Now if you’ll excuse me, I need to warm up my voice (*puts hand over one ear*)...

Bumble bee-hee...bumble bee-hee...bumble bee-hee... bumble bee-hee................

November 17, 2005

Yes Virginia, There Is A Sony Claus

"OK, sir, that's $200 + tax for your brand new PlayStation 2. Now would you like a 2-year extended warranty for an additional $15 (or thereabouts)?"

Ordinarily, despite pressure from Jerry Lundegaard-esque salesmen ("yeah, but that TrueCoat...") I consider myself allergic to extended warranties. But in this case, given the stories I'd read about disc read errors and other such issues, I zagged where I usually zigged, and sprang for the extra protection.

Fast forward 23 months later, on the eve of the warranty's expiration (not literally the evening before. about 3 weeks. fyi)...

After pulling yeoman duty for almost 2 years, my PS2 suddenly decided that it had had enough of all the fancy multiplayer action, as the 2nd controller port up 'n died on me.

The reason we knew right away was because were were playing Sly vs. Carmelita 2-player on the Sly 3 demo disc (gotta love playable E3 schwag) when it happened. Suddenly, Sly was kicking a defenseless Carmelita's ass ("Daddy, you said a bad word!") ...er, tushy all over Venice. My kids and I were none too pleased.

So I packed it up, brought it into Best Buy, waited in line a few minutes, and walked out the door with a brand new slimline PS2. And since the new PS2 was $50 cheaper than when I bought mine, I walked out with some walking-around-money as well.




November 14, 2005

REVIEW: Ratchet & Clank series

As a ‘grownup’ gamer, I could have written about Insomniac's Ratchet & Clank series in my sleep. Something about 2002’s Ratchet & Clank and 2003’s Ratchet & Clank: Going Commando being among the best games I’ve played in this generation of consoles.

In case you’re wondering why I left out 2004’s Up Your Arsenal the recently-released multiplayer-focused Ratchet: Deadlocked, the latter is next up on my GameFly wish list (I played the demo at E3), while the former is already wrapped up for the holiday season (it’s mine...all mine!).

Of course, I’m not writing about my own affinity for the loveable Lombax and his runty robot sidekick, but rather, about how much my kids like ‘em.

First things first; the ESRB. While overall, I believe that the ESRB does more good than harm, I’ve already documented some of their rating errors in the past (e.g. Dog’s Life). Ratchet & Clank is another case of a rating faux pas.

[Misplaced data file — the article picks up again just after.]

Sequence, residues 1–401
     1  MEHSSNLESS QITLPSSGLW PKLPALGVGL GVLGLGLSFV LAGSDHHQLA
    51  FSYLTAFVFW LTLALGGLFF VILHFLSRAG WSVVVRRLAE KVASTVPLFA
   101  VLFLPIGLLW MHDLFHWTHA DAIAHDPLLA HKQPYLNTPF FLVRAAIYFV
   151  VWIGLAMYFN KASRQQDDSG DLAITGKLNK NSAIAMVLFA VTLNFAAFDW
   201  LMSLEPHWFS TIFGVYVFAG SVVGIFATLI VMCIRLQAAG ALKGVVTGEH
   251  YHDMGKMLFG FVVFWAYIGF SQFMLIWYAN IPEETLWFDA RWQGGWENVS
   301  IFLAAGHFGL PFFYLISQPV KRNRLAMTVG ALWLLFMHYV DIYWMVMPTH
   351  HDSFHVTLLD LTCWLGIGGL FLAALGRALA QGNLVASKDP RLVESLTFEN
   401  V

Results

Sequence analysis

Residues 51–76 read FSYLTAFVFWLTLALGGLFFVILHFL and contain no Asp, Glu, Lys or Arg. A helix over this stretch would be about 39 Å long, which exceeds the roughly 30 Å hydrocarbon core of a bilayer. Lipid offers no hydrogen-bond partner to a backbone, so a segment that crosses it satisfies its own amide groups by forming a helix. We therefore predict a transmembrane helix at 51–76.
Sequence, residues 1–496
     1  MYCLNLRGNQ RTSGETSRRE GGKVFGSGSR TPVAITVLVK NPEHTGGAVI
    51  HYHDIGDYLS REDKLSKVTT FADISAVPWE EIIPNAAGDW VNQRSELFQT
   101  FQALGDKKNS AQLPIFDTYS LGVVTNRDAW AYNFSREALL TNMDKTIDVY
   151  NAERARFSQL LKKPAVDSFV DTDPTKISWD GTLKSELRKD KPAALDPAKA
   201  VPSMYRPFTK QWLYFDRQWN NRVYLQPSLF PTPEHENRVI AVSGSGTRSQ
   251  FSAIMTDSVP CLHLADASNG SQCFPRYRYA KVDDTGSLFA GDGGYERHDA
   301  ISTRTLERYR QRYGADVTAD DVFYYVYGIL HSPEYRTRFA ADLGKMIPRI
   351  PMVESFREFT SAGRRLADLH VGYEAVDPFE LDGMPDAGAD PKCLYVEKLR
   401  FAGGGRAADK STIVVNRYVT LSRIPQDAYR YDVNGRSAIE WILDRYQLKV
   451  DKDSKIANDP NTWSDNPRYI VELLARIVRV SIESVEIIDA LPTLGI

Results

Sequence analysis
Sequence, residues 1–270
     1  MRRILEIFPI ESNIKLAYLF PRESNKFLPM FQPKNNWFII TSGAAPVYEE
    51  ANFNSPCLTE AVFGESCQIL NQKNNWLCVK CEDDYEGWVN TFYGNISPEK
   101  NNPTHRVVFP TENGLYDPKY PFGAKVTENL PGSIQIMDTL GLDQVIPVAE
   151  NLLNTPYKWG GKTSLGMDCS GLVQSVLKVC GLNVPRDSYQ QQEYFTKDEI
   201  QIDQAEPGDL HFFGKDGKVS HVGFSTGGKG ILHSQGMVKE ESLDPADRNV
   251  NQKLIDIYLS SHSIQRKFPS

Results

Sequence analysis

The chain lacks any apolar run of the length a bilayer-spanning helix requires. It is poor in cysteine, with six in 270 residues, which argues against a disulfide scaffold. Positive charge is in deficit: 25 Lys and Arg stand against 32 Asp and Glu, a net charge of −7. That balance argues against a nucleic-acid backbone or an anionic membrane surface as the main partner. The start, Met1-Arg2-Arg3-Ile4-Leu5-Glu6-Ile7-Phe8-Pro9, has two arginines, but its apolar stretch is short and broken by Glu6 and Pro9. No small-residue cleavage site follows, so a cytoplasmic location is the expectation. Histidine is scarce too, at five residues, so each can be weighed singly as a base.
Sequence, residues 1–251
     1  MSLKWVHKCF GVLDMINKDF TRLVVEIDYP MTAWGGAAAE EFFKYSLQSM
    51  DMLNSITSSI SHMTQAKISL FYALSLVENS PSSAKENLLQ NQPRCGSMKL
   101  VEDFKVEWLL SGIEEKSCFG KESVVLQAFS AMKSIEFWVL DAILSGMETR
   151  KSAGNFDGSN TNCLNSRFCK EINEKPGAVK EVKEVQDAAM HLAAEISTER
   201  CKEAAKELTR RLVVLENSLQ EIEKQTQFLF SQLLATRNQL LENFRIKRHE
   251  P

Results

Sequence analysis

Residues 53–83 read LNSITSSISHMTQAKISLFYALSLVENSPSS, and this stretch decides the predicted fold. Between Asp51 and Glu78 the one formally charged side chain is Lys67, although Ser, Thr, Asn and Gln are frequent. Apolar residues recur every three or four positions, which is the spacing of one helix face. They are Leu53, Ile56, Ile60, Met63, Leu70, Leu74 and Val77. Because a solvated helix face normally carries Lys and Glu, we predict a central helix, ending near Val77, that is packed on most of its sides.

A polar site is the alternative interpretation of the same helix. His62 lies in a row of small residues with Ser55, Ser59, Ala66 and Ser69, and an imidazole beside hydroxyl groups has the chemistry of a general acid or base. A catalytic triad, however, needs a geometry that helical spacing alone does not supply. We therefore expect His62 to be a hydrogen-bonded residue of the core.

All four games in the Ratchet & Clank series are rated T for Teen, which I believe to be a mistake. There is no way that these games are inappropriate for every kid under the age of 13. E10+ sounds about right to me, after which, parents are free to decide whether to use the ESRB as a hard and fast rule, or merely a guide. In the case of Ratchet & Clank, despite my E10+ rating, I let my kids play them, and they’re younger than 10.

EDIT: Yes, I realize that R&C, Going Commando & Up Your Arsenal were released before there even was an E10+ rating, which the ESRB created earlier this year. Given the choice, though, I still believe that E is more appropriate than T.

I recommend that parents use ESRB as a jumping-off point to help them make up their own minds. I often agree with the ESRB ratings, but since errors can and do occur, if parents simply follow them blindly, they are equally likely to miss out on a good game their kids will love (hey, like these!), as buy them a game that may contain some things they don’t agree with.

I believe that the problem is that the people who rate the games spend too much time on the superficial and not enough time understanding a game at its essence. Granted that this would take more time and effort, but it is most definitely a worthwhile endeavor.

Now let’s get to the meat of what the ESRB (and some parents) probably found objectionable. There are weapons in the Ratchet & Clank games...lots and lots of weapons. Choosing the right weapon at the right time is the key to success in the Ratchet & Clank series.

So, armed (sorry, couldn’t resist) with this knowledge, why didn’t I automatically file these games safely away in the “grownup games” drawer?

Well, before I answer that, let’s take a closer look at two things; 1) what kinds of weapons we have at our disposal, and 2) just who is on the receiving end of all this firepower.

First, the weapons. Come with me now, as we zoom off to the land of make-believe. You’ve just landed on a strange new planet, and you soon find yourself surrounded by a swarm of weird little alien frogs, birds, or other pests of that ilk. So instead of letting them gang up and chomp away your health, you take aim, fire, and turn them all into......sheep...or chickens (depending on which game you’re playing). Ooh, scary.

Although the chicken-changing weapon is officially called the Morph-O-Ray, my kids immediately took to calling it...say it with me...the Chickenator (later to be upgraded to the “Big Chickenator” – you turn your little enemies into ...well, big chickens). Why? Because the sheep-changing weapon, which debuts in Going Commando, is called the Sheepinator!

While not every weapon is as whimsically innocent as the Chickenator or Sheepinator, that same sense of humor runs through the entire Ratchet & Clank series. And although they have a virtual armory bristling with weapons, the ones that resonate most with my kids are the ones that turn the bad guys into barnyard animals.